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Real Estate LawThe newsletter of the ISBA’s Section on Real Estate Law

September 2011, vol. 57, no. 3

The Civil Union Act and the execution and preparation of real estate documents

Introduction

Public Act 96-1513 (S.B. 1716), effective June 1, 2011, creates the Illinois Religious Freedom Protection and Civil Union Act (hereafter Civil Union Act). The Act is codified at 750 ILCS 75/1 et seq. The Civil Union Act establishes procedures for the creation and dissolution of civil unions and is intended to provide persons entering into a civil union with the obligations, responsibilities, protections, and benefits afforded or recognized by the law to spouses. See 750 ILCS 75/5.

The passage of the Civil Union Act brings many new challenges to real estate practitioners. For example: How should parties to a civil union be described in deeds and other documents? How should the issue of homestead be addressed in these documents? Can parties to a civil union own their home as tenants by the entirety, and if so, how should they be described in the deed?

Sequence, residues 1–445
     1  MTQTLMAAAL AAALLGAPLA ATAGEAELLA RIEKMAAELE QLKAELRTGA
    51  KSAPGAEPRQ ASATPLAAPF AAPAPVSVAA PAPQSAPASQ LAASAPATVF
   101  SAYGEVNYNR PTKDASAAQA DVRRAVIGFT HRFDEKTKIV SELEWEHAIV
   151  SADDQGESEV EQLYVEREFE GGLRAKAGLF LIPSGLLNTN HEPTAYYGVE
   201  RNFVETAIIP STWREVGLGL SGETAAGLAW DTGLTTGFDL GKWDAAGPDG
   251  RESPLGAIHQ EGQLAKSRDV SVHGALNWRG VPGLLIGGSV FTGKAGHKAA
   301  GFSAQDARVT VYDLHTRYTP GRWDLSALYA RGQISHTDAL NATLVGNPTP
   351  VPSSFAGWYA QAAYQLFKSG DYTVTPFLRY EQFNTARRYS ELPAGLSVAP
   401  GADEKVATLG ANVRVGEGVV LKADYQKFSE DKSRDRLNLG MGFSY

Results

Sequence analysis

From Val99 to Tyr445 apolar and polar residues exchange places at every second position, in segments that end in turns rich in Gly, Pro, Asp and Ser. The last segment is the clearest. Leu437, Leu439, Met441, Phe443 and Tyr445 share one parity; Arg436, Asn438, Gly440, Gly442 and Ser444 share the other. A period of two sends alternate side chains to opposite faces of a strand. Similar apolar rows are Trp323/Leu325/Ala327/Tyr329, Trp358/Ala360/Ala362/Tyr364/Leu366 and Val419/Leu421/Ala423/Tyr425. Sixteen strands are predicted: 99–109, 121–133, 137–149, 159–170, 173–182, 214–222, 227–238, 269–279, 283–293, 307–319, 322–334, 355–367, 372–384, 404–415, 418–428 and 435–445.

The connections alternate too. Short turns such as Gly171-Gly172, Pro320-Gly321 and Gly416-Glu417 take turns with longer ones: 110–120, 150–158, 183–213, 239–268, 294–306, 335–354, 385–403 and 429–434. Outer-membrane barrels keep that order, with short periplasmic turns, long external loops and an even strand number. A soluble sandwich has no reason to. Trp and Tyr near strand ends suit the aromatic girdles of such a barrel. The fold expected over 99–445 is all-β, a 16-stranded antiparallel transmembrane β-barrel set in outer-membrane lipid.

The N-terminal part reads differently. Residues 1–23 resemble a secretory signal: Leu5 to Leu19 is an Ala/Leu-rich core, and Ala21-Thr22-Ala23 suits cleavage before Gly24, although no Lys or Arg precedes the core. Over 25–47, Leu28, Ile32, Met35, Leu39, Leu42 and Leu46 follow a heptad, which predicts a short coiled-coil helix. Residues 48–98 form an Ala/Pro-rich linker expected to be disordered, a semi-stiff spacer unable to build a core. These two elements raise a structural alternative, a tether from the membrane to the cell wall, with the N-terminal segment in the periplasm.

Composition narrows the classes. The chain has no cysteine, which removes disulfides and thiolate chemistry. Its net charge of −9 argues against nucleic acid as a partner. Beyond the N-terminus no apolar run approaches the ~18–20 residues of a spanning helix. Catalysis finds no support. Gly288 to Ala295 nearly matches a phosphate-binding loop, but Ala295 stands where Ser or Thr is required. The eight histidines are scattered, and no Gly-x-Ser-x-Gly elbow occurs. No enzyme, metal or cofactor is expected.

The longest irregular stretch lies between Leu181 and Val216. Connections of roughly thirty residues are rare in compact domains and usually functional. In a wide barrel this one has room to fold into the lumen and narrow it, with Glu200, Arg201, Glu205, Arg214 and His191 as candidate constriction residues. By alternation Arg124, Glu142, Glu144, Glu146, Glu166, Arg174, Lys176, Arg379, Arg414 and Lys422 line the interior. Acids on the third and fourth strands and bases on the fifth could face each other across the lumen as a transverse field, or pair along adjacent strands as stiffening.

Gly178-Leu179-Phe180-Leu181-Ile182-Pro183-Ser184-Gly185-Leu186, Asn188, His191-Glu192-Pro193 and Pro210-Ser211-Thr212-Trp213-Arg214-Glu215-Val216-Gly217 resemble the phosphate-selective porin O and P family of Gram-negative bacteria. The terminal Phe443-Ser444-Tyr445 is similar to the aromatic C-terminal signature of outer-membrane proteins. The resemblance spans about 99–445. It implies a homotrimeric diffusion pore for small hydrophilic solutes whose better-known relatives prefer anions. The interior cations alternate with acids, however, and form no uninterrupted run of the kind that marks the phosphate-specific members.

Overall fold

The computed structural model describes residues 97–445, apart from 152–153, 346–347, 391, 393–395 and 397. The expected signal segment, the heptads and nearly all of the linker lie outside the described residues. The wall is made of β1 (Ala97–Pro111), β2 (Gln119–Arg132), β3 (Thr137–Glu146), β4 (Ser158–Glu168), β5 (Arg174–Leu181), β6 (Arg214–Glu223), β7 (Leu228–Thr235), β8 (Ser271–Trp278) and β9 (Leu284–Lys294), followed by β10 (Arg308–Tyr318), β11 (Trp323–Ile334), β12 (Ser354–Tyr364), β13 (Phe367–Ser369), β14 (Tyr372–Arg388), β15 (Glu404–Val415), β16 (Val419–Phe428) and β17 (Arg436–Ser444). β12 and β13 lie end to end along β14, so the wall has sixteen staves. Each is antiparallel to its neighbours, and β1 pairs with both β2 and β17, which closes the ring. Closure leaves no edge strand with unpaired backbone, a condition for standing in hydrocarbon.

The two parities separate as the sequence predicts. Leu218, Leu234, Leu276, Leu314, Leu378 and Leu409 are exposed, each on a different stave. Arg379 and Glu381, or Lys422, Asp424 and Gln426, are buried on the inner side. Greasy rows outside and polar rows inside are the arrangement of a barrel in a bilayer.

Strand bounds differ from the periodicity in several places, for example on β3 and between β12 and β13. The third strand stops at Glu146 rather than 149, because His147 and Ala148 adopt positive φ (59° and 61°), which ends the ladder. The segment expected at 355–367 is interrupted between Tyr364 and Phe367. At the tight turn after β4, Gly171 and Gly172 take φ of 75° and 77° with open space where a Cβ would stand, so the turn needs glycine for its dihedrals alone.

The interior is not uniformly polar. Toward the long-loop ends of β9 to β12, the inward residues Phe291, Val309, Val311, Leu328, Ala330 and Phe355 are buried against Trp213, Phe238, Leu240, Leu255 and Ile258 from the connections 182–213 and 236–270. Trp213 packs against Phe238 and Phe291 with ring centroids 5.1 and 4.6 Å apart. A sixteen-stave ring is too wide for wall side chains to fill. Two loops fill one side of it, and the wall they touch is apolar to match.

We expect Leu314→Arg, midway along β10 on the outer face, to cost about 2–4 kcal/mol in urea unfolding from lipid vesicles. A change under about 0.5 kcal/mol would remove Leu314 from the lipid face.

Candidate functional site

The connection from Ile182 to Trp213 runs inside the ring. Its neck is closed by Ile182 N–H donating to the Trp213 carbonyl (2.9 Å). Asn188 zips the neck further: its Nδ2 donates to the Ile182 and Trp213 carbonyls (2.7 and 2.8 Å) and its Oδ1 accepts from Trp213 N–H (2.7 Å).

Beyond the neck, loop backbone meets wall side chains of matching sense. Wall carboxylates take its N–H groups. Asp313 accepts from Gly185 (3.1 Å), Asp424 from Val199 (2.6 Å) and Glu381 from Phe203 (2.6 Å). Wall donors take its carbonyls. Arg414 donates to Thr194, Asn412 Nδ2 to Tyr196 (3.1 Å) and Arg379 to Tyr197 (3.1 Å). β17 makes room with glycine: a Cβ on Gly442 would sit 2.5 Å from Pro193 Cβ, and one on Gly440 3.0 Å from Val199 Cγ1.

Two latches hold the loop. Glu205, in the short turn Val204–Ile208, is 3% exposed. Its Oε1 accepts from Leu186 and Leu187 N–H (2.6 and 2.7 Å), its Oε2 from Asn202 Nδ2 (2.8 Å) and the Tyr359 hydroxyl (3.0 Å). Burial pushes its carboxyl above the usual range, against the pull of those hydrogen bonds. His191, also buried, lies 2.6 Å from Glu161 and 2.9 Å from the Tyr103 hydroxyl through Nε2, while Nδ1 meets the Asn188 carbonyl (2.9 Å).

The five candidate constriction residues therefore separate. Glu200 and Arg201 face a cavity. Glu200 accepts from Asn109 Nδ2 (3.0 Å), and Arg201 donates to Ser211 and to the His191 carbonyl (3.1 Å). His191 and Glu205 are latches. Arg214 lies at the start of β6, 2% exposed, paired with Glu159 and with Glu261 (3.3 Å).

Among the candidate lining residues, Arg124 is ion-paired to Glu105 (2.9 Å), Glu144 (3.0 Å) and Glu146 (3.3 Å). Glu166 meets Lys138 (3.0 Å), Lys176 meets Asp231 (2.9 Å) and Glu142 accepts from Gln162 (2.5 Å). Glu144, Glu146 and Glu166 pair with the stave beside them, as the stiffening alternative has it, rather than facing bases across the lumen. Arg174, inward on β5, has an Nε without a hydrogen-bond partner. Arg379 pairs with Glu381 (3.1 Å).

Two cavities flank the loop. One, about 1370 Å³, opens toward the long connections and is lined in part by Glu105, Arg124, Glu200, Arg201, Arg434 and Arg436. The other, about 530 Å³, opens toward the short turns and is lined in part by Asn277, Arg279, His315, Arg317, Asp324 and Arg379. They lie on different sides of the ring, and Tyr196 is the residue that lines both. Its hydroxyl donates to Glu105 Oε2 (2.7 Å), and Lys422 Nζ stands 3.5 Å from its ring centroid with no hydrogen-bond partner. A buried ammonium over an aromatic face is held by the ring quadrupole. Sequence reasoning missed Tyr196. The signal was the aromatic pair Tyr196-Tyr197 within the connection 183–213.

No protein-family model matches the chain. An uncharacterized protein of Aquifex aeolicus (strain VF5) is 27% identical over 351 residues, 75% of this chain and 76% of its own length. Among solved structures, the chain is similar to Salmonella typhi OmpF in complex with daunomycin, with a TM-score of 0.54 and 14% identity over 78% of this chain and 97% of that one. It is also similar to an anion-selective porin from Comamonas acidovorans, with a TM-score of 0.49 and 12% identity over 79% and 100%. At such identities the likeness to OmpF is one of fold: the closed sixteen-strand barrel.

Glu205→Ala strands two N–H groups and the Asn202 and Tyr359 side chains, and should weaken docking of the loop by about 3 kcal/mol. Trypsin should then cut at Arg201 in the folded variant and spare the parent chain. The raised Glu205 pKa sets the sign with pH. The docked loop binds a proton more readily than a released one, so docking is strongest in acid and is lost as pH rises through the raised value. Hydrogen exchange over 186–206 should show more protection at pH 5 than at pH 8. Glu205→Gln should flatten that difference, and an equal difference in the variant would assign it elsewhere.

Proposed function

Identifying parties on deeds, mortgages, and other recorded documents

Example: Ann Anderson and Betty Barnes are partners in a civil union. They want to buy a home and take title as partners in a civil union. How should they be described in the deed?

Ann Anderson and Betty Barnes, partners in a civil union, grantees. . . ..

Note: The grantees’ tenancy in this deed must still be considered and addressed. That is, the Civil Union Act does not confer any automatic tenancy to grantees who take title as partners in a civil union.